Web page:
Credits: Written by Judd Winick, art by Sami Basri, coloured by Sunny Gho, lettered by John J. Hill. The associate editor was Rachel Gluckstern and the editor was Mike Carlin.
Synopsis: Power Girl, in her civilian identity as Karen Starr owner and CEO of Starrware Industries, has had her hands full with corporate matters. One of her scientists, Nicholas, who is trying to get her to approve an increase in lab space for his Nanobyte processing units, gives her a pair of ear rings that include a miniaturised cell phone. Her Head of Finance has vanished and the bank is sending in four executive finance officers to investigate. However, before she can act on that Superman announces that Maxwell Lord, the JLI’s rogue ex-director, is still alive. Power Girl’s plan to ambush a group of mercenaries at the JLI’s Moscow Embassy is scuppered when Booster Gold suddenly appears and starts a fire fight with them. The exasperated Power Girl then follows up a second lead on her own. She encounters a warehouse of OMACs in Northern China, but they break off from the fight when Maxwell Lord makes a global telepathic broadcast and erases everybody’s, including Power Girl’s. knowledge of his existence. She returns to New York, but in her absence the banks’ officers have revealed that Starrware’s accounts have been cleaned-out by her missing Head of Finance.
Continuity: This issue takes place concurrently with Justice League: Generation Lost #1.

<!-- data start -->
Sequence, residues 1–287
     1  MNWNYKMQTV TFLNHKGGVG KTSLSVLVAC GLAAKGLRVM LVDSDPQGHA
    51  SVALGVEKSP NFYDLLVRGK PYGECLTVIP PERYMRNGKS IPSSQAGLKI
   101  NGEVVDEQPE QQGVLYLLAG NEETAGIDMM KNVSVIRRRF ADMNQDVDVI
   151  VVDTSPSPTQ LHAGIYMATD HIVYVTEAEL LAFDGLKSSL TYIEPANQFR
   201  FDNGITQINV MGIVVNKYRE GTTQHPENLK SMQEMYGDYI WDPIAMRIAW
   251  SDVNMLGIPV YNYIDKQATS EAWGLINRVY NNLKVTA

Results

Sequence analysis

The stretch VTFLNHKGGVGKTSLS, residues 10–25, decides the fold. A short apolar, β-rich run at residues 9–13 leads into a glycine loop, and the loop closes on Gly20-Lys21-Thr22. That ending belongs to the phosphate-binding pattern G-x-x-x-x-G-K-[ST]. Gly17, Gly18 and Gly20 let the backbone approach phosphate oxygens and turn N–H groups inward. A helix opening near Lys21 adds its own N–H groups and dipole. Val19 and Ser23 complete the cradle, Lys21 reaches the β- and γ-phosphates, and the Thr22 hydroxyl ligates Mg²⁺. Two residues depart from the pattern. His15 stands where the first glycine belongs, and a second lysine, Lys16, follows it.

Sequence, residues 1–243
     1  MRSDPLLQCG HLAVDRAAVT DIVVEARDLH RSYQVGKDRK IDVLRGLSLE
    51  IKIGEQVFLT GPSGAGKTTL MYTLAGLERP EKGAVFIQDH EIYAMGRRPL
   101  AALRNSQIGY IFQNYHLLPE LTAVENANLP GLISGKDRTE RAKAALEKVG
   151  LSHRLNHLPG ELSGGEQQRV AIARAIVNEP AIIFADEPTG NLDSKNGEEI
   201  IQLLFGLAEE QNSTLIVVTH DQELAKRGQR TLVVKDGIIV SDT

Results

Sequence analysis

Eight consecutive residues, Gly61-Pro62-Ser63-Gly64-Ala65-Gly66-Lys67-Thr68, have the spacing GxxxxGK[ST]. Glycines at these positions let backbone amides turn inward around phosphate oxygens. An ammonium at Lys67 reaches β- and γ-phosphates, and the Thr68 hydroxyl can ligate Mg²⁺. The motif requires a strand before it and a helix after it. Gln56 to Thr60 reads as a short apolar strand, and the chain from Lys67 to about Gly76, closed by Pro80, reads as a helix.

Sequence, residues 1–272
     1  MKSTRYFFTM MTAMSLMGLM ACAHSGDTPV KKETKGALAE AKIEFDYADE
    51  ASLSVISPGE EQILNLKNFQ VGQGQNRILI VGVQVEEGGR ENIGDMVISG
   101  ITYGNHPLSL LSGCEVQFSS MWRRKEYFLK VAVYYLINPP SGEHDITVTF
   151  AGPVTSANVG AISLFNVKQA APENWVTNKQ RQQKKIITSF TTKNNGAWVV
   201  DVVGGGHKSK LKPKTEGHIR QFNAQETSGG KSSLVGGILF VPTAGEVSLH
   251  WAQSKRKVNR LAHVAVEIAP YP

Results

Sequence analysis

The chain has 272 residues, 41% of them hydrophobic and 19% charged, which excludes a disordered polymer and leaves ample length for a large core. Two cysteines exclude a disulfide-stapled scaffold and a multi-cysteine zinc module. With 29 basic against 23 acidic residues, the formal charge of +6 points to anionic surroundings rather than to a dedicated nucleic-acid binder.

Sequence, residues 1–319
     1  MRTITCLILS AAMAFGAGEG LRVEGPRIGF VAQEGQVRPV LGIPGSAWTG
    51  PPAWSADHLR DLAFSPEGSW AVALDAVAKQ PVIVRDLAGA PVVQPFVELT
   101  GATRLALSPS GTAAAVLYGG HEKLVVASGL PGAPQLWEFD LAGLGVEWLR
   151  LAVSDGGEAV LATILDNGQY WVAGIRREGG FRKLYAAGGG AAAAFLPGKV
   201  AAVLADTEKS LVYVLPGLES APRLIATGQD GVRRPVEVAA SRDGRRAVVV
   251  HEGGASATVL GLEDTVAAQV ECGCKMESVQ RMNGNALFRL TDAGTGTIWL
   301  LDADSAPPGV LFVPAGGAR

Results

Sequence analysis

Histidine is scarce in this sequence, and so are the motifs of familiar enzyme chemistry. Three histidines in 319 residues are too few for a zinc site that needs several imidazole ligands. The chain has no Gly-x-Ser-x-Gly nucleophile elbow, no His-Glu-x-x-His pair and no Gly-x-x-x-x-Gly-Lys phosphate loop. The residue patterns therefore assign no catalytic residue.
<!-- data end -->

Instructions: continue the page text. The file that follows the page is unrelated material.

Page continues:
Opinion: This is Judd Winick and Sam Basri’s first issue and so far they’re doing a pretty good job. There is definitely a more serious tone to the issue than during Jimmy Palmiotti, Justin Gray and Amanda Conner’s amazing run, but the jump isn’t so great that you feel like you are reading another book entirely. The strength of the old art team was Amanda Conner’s excellent linework. While Basri’s linework isn’t as good as Conner’s linework, it combines with Sunny Gho’s colours to create a visual style that is just as strong. I love the old-school concentric circles mind-control motif that is used when Max actually makes his broadcast. The integration with Justice League: Generation Lost, which Winick also writes, is very tight. So tight in fact that you suspect that Maxwell Lord is behind Starrware’s money troubles (especially as the next part is trailed as “The Lord Hath Taken Away”). He did the same thing to Kord Industries, but the subsequent investigation cost Ted Kord (alias the Blue Beetle) his life . The subplot of the Nanobytes is interesting because in Generation Lost #4 Max talks to a scientist about Nanobyte genetics research. It may just be one of Judd Winick’s favourite buzz words, but the connection could play out.